The revision in the ordinance came at the request of influential Culver City developer Frederick Smith and his favored architect, Eric Owen Moss. They were supported in their quest by L.A. Museum of Contemporary Art director Richard Koshalek, whose background is in architecture, and by MOCA curator Elizabeth A.T. Smith, who has organized several architecture shows for the museum. (The Smiths are not related.)
I do not know why Frederick Smith and Moss and their museum supporters are unhappy to have their work thought of as architecture, and instead long for it to be thought of as art. Architecture has always seemed to me a perfectly noble practice, and good architecture a worthy aim.
Monday’s discussion of the need for the ordinance revision was peppered with expressions of desire for a way to encourage Culver City developers to hire architects of unusual merit, but it’s hard to see how the criteria laid down by Ostrin and the arts committee could accomplish that. The guidelines combine empty artspeak with a surprising condescension for architecture.
The first criterion says the work of an architect shall only be deemed eligible to qualify for a percent-for-art waiver if the architect has been “substantially recognized by the art world,” through the vehicles of gallery and museum shows and art publications. Being recognized by the architecture world isn’t mentioned. Authority for deciding which architects are significant is taken away from peers in the architecture field and is given to the world of art.
The second criterion requires that--hold on to your hat--"the underlying concept of the architecture shall be expressive as more than mere utilitarian architecture. The architecture as a whole or certain architectural features shall express ideas or meaning and involve cultural significance or conceptual complexity in relation to the totality of the object.”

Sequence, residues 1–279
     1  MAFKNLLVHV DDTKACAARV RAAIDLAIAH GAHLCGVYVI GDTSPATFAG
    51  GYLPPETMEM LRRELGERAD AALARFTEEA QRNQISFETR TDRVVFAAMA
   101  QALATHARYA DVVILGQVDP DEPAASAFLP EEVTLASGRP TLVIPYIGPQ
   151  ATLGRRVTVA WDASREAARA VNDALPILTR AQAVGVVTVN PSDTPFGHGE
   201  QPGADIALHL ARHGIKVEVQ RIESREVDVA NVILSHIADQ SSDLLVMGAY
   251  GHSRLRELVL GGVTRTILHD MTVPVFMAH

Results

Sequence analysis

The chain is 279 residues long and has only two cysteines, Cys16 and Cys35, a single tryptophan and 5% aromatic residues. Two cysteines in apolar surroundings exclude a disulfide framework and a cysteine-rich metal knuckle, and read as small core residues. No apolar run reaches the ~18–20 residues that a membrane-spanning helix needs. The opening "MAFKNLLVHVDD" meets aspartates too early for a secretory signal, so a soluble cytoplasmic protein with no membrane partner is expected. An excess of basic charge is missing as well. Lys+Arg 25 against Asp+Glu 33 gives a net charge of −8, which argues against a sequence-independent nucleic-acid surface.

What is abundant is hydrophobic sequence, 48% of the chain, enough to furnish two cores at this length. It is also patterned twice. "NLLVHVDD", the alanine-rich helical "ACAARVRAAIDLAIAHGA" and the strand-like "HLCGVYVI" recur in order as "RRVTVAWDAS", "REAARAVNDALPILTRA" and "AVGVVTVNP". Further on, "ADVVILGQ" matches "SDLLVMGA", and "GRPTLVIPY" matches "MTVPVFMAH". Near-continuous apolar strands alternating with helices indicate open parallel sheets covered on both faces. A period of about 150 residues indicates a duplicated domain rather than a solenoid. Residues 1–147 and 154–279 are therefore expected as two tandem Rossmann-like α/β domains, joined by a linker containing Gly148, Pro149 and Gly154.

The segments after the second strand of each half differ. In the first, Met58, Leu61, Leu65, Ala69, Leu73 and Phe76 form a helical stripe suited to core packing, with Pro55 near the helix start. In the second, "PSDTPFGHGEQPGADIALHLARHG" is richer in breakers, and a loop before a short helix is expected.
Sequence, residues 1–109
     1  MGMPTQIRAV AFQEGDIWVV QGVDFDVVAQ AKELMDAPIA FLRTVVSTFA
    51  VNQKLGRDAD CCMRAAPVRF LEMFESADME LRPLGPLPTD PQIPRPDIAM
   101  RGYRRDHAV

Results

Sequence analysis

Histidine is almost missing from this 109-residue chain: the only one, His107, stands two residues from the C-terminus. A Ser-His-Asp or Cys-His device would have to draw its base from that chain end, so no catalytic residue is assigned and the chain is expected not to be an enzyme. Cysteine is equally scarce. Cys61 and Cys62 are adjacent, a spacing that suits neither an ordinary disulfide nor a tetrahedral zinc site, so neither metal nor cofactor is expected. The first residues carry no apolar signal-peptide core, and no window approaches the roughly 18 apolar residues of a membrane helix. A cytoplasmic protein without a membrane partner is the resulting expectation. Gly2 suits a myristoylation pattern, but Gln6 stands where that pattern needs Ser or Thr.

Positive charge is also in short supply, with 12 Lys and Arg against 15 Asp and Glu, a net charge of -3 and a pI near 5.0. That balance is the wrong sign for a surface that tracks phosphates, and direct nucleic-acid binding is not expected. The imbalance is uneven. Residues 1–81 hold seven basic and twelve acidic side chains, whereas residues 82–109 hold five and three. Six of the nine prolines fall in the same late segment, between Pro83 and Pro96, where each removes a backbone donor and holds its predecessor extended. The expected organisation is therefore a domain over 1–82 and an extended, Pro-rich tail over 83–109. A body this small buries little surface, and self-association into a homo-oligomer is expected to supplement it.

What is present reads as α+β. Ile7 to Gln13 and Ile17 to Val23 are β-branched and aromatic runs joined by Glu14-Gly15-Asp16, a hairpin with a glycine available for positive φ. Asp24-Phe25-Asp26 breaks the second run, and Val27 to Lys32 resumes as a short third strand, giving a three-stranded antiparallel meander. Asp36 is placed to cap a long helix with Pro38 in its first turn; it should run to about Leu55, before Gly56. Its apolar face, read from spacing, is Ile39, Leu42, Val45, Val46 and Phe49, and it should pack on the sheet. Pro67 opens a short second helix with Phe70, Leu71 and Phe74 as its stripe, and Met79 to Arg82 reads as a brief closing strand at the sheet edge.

I don’t know what those tortured sentences mean. (Don’t shopping centers and strip malls express meaning and involve cultural significance in relation to the totality of the object, even if we decide their meaning and significance are negative?) Presumably Culver City’s council members understand them.
The civic wish to encourage better architecture is commendable, but goodness can’t be legislated. Fabrication of an architecture-as-art exemption from the percent-for-art requirement is nonsensical. Rather than raid the city’s art program, distorting Cinderella-architecture to fit in art’s glass slipper, the goal should have been met head-on.
Monday’s passage of the revision means that Culver City has instead killed two birds with one misplaced stone. Architecture has been unwittingly denigrated, as a practice worthless without the imprimatur of art, while the life of art has been thoroughly sentimentalized. Of course, a way was also found not to offend one of the most prominent developers in Culver City, which I guess counts for something.